Originally published in Issues and Insights
Ever since the beginning of the global warming debate, now labeled “climate change,” there has been one immutable yet little-known fact: All of the temperature data stations used to make determinations about the state of Earth’s temperature are controlled by governments. And, all of the data on global temperature reported in the media are from government reports.
In June 1988, when Dr. James Hansen, then-director of NASA’s Institute for Space Studies in Manhattan, went before the Senate Energy and Natural Resources Committee to say that, “global warming has begun,” he was using temperature data collected by governments worldwide from a weather station network that was never intended to detect a “global warming signal.”
In fact, Dr. Hansen had to develop novel statistical techniques to tease that global warming signal out of the data. The problem is, these weather station networks were never designed to detect such a signal in the first place. They were actually designed for weather forecast verification, to determine if forecasts issued by agencies such as the U.S. Weather Bureau (now the National Weather Service) were accurate. If you make temperature and precipitation forecasts for a location, and there is no feedback of the actual temperatures reached and the rainfall recorded, then it is impossible to improve the skill of forecasting.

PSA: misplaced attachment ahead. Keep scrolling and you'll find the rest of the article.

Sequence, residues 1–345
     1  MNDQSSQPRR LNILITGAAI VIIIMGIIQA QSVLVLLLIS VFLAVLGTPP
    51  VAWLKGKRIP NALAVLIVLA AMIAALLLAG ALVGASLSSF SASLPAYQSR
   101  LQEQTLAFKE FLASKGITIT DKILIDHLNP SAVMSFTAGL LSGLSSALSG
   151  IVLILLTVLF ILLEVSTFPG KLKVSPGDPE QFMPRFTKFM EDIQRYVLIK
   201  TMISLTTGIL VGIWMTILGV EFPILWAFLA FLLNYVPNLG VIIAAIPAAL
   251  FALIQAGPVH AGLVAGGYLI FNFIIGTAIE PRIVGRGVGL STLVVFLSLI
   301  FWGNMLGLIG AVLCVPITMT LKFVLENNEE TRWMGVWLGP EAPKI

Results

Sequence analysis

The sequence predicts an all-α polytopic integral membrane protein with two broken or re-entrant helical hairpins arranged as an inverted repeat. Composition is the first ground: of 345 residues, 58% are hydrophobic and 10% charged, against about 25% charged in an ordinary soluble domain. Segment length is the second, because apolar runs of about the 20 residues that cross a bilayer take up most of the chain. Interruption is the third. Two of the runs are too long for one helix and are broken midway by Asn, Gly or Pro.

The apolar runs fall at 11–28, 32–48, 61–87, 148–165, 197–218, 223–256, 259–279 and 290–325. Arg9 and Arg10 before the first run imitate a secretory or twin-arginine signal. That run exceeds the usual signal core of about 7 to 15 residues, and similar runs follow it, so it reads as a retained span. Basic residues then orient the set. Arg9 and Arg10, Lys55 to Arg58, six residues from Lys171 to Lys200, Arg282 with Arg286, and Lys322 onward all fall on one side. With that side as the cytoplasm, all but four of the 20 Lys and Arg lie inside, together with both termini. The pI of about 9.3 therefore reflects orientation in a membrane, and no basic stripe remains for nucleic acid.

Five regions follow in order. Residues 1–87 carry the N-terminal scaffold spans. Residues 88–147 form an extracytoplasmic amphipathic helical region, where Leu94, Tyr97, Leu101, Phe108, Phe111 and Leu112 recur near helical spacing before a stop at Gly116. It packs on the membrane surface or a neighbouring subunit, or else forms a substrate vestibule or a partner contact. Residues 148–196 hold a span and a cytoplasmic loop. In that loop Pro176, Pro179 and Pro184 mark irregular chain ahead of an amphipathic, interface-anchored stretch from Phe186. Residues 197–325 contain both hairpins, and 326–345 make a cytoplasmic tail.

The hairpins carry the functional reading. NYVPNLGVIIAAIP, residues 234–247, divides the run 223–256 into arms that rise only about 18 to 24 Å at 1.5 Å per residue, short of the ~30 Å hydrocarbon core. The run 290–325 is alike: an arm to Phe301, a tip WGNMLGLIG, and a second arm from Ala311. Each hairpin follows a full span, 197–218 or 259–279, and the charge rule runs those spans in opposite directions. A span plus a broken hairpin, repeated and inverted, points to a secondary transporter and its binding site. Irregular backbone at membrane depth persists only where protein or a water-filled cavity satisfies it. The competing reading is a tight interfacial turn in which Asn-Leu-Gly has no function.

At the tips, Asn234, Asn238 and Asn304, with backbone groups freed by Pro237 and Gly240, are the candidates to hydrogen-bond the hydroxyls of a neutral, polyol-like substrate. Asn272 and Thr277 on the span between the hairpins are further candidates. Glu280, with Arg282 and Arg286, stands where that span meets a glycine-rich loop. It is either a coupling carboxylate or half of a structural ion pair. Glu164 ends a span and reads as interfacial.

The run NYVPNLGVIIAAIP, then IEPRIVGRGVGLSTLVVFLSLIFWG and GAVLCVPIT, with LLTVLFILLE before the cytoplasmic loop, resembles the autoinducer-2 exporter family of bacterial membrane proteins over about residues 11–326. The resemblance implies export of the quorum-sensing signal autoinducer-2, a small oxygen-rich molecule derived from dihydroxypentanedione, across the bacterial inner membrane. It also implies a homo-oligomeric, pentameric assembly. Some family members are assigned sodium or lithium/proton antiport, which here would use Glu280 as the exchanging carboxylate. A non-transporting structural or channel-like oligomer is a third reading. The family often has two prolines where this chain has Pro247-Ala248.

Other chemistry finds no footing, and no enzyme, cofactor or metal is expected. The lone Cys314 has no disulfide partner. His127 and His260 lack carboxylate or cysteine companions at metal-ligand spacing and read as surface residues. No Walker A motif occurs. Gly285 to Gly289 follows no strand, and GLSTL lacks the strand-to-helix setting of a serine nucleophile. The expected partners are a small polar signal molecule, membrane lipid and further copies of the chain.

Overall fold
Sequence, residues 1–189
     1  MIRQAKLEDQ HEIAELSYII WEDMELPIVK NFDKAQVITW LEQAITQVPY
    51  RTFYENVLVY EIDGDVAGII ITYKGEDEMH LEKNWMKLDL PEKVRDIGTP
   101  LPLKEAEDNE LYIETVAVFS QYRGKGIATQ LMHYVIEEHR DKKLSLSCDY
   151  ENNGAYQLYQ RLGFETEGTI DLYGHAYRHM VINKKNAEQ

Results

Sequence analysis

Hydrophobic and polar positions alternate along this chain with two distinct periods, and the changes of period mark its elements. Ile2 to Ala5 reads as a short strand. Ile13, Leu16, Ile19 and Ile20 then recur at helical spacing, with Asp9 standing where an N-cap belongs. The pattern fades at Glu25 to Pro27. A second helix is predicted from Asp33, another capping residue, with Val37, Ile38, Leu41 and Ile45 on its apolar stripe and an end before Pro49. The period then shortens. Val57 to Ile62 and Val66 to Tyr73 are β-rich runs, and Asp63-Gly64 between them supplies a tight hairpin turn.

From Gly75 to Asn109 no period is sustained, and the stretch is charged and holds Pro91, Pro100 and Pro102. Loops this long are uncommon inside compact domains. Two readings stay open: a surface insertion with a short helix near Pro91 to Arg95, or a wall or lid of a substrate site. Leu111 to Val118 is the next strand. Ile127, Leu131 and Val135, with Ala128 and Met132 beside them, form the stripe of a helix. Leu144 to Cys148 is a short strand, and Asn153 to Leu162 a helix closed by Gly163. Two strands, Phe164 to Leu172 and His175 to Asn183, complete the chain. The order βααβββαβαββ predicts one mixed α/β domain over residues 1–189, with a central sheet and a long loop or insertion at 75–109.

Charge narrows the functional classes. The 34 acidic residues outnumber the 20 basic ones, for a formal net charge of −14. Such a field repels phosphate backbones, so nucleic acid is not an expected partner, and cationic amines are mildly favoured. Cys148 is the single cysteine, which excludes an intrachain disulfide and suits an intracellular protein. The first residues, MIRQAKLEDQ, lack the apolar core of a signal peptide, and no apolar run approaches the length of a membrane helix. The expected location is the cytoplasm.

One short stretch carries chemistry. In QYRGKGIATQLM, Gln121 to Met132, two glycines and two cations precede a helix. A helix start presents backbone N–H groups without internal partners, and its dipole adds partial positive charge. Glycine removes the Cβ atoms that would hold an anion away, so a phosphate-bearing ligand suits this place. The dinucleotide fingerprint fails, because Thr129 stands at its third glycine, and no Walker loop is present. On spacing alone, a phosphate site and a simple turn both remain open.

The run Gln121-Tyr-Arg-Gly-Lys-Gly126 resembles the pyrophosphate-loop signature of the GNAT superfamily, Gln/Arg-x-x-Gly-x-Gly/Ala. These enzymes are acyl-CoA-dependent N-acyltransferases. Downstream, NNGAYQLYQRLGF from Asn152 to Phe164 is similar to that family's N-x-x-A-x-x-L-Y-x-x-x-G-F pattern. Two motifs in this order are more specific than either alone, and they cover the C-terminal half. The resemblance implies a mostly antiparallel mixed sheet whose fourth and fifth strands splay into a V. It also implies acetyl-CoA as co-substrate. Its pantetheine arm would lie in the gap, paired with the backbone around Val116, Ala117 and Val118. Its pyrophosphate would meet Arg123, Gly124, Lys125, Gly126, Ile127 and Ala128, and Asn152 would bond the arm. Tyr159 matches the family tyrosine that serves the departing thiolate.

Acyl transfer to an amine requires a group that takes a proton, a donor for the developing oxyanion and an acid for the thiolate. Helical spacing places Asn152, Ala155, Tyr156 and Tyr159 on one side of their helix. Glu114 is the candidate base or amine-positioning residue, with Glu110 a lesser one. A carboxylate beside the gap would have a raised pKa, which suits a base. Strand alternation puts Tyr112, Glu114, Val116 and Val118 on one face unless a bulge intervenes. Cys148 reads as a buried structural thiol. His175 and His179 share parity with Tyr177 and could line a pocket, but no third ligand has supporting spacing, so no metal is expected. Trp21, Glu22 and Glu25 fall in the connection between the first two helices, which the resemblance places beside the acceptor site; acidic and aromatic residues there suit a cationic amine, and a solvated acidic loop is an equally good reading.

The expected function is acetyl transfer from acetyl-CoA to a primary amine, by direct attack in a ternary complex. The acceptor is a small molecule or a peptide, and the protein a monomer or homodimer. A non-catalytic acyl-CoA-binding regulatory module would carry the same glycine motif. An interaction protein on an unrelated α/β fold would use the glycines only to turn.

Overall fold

The original network of weather stations, called the Cooperative Observer Program (COOP), was established in 1891 to formalize an ad hoc weather observation network operated by the U.S. Army Signal Service since 1873. It was only later that the COOP network began to be used for climate because climate observations require at least 30 years of data from weather stations before a baseline “normal climate” for a location can be established. Once the Cooperative Observer Program was established in the United States, other countries soon followed, and duplicated how the U.S. network was set up on a global scale.
However, the COOP network has several serious problems for use in detecting climate change on a national and global scale. The U.S. temperature readings made by volunteer COOP observers are rounded to the nearest whole degree Fahrenheit when recording the data on a paper form called a B-91. When comparing such coarsely recorded nearest whole degree temperature data to the claims of global warming, which are said to be about 1.8°F (1.0°C) since the late 1800s, the obvious questions of accuracy and precision of the COOP temperature data arise.
Even more concerning is that more than 90% of the COOP stations in the United States used to record climate data have found to be corrupted by local urbanization or contamination effects over time, with hundreds of COOP stations found to have been severely compromised by being placed next to air conditioner exhausts, jet exhausts at airports, and concrete, asphalt, and buildings that have sprung up near stations. All of these heat sources and heat sinks do one thing and one thing only: bias the recorded temperatures upwards.